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In most cases there is no better tool than a band saw to cut precise curves in wood, although a quality saw does more than just cut curves. It also cuts tenons and smaller rabbets; can be used for resawing thin strips of wood from larger pieces, and for ripping small pieces of stock.
But with the variety of types, sizes and options available, how do you know which one’s the right one for you? That’s what we’re here to tell you.
Band Saw Types
There are two principal band saw types : floor standing cabinet models, and shorter models for mounting (either on bench tops or on a dedicated stand). The cabinet models traditionally tend to be used mainly by professionals, while the latter are used by amateur woodworkers, although this isn’t a hard and fast rule. The floor standing cabinet models tend to have both bigger motors, and more features including a strong frame (leading to consistent cutting).
Primary Band Saw Features
Two important things to keep in mind when buying a band saw are: the throat and depth of cut. By ‘throat’, we are referring to the distance between blade and vertical frame section; this determines the cut’s width that may be finished on the band saw. Typical free standing cabinet saws’ throats generally exceed the 12-14” throats of smaller bench top models. Remember: whenever you see the phrase “18” Band Saw”, know that the manufacturer is alluding to the throat measurements.
The second important thing to remember as mentioned above is the saw’s depth of cut which is the distance from the table to the upper blade guides. The promotional campaigns of many of today’s saws are based on this feature alone, which basically indicates the stock’s thickness level that can be cut through. That said, several cheaper saws can have a riser appended to the unit increasing the depth from a regular 6” to 12”.
Band Saw Motor Sizes
The size of the motor on the band saw is also an important consideration; many major amateur-based models feature a ¾-1 horsepower motor, while professional models have bigger motors and variable speeds. But for woodworkers, ‘variable speed’ doesn’t really count for a valuable feature. You usually only use this feature during the cutting of metals and assorted hard plastics.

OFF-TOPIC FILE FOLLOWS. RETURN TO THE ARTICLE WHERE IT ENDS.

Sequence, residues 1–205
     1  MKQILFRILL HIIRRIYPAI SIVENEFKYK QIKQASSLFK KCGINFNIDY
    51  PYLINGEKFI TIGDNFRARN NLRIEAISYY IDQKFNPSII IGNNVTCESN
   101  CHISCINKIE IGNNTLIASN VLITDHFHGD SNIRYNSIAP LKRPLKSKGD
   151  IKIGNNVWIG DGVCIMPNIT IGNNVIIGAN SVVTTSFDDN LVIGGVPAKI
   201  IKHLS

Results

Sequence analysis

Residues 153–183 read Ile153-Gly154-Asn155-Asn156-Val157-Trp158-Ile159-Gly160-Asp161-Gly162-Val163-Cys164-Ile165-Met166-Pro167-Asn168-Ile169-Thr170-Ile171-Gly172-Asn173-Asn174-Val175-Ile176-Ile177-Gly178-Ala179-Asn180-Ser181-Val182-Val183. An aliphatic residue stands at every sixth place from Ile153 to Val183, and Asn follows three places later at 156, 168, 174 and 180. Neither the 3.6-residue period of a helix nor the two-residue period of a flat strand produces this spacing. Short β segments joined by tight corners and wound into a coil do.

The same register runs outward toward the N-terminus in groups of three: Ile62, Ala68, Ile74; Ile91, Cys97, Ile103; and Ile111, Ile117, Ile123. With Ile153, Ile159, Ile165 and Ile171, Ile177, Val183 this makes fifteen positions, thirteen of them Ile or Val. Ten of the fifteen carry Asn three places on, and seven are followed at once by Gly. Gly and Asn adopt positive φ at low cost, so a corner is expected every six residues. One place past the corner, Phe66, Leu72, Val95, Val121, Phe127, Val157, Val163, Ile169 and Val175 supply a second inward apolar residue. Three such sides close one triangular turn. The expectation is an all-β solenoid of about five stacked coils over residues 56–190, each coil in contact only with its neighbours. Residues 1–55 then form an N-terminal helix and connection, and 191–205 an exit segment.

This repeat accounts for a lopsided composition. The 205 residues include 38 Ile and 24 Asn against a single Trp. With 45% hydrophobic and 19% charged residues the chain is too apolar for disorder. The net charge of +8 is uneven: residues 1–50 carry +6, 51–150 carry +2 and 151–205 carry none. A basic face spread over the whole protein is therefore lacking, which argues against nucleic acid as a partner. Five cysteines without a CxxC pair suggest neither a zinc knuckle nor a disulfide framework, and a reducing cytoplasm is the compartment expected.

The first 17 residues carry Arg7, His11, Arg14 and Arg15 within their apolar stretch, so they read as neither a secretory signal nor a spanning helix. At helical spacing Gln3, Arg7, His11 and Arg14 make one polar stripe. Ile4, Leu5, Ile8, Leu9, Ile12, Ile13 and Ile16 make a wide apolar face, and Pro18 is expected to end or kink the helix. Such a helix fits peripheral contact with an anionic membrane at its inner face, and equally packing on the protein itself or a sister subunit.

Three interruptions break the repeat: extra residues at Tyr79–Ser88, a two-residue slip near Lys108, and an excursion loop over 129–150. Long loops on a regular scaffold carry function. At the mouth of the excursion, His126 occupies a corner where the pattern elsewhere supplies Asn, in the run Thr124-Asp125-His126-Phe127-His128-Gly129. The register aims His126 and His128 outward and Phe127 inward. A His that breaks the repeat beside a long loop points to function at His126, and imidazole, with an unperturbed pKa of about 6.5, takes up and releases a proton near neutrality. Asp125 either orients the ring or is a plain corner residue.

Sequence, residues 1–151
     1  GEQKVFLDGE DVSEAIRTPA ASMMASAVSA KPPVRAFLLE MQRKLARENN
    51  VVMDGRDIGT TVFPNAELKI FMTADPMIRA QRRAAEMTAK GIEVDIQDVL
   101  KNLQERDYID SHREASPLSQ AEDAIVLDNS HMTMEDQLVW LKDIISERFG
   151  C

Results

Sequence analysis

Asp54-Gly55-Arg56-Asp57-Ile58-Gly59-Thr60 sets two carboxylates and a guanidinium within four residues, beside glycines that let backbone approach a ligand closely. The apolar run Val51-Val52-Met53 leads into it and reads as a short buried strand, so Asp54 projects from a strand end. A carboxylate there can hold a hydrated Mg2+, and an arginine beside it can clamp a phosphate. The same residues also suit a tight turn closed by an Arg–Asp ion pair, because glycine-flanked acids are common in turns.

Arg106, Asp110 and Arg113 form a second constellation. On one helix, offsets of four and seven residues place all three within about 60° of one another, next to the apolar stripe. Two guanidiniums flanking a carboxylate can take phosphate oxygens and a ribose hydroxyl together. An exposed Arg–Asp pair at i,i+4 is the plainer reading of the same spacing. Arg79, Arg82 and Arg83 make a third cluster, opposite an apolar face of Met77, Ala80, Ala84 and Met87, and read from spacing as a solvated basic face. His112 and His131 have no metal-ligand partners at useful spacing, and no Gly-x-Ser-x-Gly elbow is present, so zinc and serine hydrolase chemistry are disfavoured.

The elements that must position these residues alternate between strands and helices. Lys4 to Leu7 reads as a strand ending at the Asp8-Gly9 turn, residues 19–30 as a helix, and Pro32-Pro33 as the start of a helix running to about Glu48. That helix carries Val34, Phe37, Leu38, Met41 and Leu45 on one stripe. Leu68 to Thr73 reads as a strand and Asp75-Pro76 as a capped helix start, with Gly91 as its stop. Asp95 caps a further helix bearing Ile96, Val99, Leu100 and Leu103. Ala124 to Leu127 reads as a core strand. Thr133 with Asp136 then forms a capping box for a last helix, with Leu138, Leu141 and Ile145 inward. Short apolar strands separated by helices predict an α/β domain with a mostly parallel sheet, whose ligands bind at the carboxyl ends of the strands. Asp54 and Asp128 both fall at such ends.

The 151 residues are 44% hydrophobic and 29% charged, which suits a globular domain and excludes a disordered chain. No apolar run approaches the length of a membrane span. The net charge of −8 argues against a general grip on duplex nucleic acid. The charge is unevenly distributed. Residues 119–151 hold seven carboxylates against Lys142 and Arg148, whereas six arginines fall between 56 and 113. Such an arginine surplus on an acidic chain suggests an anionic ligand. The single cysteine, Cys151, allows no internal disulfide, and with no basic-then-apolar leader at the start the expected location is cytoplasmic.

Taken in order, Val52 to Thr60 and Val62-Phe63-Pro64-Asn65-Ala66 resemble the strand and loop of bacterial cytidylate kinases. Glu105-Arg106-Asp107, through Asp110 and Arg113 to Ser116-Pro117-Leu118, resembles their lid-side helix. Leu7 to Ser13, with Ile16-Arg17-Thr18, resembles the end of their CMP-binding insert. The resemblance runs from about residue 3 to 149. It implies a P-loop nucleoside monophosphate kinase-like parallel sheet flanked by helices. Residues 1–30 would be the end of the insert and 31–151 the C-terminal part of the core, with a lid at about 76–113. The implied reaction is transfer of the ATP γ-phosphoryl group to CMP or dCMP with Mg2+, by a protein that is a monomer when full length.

Other Band Saw Features To Keep In Mind
Band saws should come packaged with cast irons; either an aluminum or steel alloy table which can tilt up to a 45 degree angle for angled cuts. This table is usually about 16”x16” and comes with a miter track. Keep an eye out for band wheels with tires and cleaning brushes, to ensure the cleanliness of the wheels. Also keep any eye out for units with built in dust collection ports, for easily linking up to your existing shop vacuum.
Two great features you might want to add to your saw, provided they aren’t already included, are a miter gauge and rip fence. Both of these prove extremely helpful during resawing, ripping and cross cutting.
How to Set Up a Band Saw
During the set up of your band saw, ensure that you have read the instruction manual closely and diligently. Mainly because there are often fine tuning adjustments required to ensure the saw cuts as it’s supposed to. If you don’t closely follow the manual, this might end up degrading performance. So reading the manual is worth the effort; you’ll have a cleanly performing power tool.
Band saws are great and fun tools to add to your workshop…provided they’re used correctly.